It's exactly what it sounds like: a pico projector slapped on the back of a smartphone. Stupid-looking? Yes. Stupid idea? Definitely not.
The projector-phone like this LG Expo from AT&T is the sum total of about 100 years of share-happy technology. Its forebears, the movie projector and the overhead projector, made the act of sharing cutting-edge long before social graphs and semantic Web tools. Those devices then turned into digital projectors, that sweet-ass $1,200 gizmo that—admit it—you've considered stealing from your company conference room to install in your living room.
So why does one of these things need to be on the back of a phone? We'll get to that later. First, how did it get there?
The pico (or handheld) projector first showed up about five years ago, a miniaturized version of that bigger digital projector you covet at work. But unlike its bigger brother, the pico projector uses an LED (or several LEDs) as its light source, not a lamp, meaning that it's less bright. And since LEDs are anorexic when it comes to power usage, they're much better suited to battery power than full-blown alternatives.
Big digital projectors and pico projectors use pretty much the same mechanism to create their images: It involves a light, a semi-transparent image-substrate that light shines through, and a bunch of mirrors and lenses to get that image onto your wall sharply. The simplest (and therefore most common) way of doing this uses a small color LCD screen (like the one on your laptop) as the image-substrate. More expensive projectors use something called a "digital light valve," or DLP, which is just complicated enough that I can't easily summarize it in one readable sentence. Let's just say there are several hundred thousand microscopic mirrors, each of which can be independently manipulated to change the color of a pixel. The rest of the magic is handled by a hamster with a degree from Hogwart's. The core component, called a DMD, or "digital micromirror device," looks like this. (Yep, that's what a few hundred thousand mini-mirrors looks like.)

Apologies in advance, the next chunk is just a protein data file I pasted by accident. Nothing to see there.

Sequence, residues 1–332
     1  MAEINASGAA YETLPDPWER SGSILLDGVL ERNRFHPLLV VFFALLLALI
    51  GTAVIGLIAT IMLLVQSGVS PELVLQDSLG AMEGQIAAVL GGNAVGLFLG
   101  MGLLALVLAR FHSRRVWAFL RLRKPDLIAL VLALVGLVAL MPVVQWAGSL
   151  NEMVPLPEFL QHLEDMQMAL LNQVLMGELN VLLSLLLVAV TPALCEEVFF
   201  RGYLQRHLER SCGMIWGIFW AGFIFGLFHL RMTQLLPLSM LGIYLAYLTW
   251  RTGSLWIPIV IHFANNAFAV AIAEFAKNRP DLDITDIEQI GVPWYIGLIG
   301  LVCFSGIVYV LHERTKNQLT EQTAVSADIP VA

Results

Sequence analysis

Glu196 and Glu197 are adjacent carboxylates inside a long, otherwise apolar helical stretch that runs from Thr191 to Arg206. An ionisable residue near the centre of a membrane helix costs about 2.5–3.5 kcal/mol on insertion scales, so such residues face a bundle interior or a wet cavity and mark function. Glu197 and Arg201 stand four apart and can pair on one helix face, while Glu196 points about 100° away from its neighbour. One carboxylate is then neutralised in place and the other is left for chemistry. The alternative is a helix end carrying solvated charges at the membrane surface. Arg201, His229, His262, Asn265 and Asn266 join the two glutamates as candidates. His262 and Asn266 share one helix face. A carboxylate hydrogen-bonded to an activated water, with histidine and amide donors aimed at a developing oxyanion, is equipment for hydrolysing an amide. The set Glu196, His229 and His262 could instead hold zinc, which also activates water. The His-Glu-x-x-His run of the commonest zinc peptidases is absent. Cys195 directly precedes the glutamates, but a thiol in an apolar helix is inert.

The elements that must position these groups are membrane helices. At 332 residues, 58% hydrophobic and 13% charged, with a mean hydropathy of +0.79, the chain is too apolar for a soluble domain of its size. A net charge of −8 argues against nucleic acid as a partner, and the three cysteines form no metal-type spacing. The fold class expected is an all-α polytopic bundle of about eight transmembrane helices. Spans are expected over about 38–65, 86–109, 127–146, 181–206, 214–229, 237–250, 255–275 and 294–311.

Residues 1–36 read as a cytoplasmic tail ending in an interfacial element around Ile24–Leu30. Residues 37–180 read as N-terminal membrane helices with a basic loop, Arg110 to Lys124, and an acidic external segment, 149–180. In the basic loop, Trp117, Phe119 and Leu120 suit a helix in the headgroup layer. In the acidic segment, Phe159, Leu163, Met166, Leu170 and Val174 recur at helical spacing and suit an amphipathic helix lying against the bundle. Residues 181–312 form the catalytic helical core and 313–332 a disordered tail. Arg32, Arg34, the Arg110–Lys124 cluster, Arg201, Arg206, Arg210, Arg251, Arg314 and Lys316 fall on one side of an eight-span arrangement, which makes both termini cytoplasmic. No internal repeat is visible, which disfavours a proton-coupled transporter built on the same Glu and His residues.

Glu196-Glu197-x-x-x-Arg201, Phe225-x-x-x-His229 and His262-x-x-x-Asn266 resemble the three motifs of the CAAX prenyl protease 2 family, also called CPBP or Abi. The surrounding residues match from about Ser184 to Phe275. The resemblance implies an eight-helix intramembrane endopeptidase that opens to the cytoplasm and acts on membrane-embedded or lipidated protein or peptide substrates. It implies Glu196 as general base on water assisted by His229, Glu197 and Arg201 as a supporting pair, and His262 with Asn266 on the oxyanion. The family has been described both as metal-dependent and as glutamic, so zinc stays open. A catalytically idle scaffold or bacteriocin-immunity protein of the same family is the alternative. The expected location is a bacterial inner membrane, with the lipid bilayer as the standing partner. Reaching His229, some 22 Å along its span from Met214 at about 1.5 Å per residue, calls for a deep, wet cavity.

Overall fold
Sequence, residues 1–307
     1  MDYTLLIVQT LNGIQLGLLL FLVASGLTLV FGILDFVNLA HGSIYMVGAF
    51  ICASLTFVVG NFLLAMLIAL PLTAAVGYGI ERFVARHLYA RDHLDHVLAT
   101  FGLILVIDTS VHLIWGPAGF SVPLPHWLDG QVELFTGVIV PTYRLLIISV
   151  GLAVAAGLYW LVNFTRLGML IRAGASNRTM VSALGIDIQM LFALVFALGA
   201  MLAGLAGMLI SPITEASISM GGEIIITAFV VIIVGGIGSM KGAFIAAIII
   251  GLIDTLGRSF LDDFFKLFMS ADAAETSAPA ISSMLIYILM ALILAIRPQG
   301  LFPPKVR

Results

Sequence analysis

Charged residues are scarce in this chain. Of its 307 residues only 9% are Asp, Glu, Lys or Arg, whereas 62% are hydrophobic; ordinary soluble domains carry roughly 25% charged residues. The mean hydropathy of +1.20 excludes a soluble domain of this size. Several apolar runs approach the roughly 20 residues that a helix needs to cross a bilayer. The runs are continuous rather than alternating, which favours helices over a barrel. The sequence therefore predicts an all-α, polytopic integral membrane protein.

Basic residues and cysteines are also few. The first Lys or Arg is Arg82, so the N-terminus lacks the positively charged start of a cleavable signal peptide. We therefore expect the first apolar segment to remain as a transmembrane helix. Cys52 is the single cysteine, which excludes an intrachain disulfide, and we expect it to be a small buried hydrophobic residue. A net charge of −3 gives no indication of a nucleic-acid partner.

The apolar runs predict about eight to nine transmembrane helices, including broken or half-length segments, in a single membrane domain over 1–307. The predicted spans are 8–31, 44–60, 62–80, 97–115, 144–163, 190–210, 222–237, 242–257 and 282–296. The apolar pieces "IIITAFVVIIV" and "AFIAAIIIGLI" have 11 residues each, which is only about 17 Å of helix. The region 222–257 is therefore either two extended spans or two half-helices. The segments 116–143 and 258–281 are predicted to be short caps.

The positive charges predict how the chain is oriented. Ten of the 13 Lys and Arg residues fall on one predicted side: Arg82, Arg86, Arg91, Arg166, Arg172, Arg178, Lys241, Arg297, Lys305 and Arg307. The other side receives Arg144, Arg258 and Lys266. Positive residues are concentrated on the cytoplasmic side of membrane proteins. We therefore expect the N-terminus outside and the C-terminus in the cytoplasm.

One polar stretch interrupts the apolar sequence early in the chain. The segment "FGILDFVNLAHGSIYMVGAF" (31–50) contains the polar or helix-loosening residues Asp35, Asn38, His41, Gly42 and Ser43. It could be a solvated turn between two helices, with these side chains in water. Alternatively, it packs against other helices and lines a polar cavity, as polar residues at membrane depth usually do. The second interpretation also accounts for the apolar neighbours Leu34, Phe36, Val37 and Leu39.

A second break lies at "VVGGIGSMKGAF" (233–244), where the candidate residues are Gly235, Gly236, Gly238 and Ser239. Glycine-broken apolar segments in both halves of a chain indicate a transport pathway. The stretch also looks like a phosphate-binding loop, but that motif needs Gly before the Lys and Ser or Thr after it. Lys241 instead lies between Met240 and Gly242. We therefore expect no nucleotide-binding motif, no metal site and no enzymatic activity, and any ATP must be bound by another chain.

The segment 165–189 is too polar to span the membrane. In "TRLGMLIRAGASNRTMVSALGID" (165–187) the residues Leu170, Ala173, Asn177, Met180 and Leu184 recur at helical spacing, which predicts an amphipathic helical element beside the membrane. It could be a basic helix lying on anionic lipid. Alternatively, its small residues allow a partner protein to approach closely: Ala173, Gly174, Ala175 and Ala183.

It's good that LCD and DLP projectors showed up when they did, because their forerunners were big, stupid, messy devices called "eidophors," or "image bearer" in Greek. Eidophors like the one pictured below were used by NASA's Mission Control back in the early Tang-and-capsule days. But they were so unwieldy and expensive that companies like Paramount Pictures couldn't figure out a way to make them profitable for movies in the postwar years, even though they were 80 times brighter than other projectors of the day and could produce images 60 feet wide.
Eidophors worked like movie projectors, except instead of film, they used a slowly-rotating mirrored disk covered in thick, viscous oil. The device shot a beam of electrons at the oil, causing it to change the way it transmitted light. Areas that weren't hit by the beam let colored light pass through and onto mirrors, which sent it outward. Later, these contraptions became refined enough for commercial success, and GE sold them as Talaria brand projectors (below) with fancy-pants Xenon arc lamps providing the light.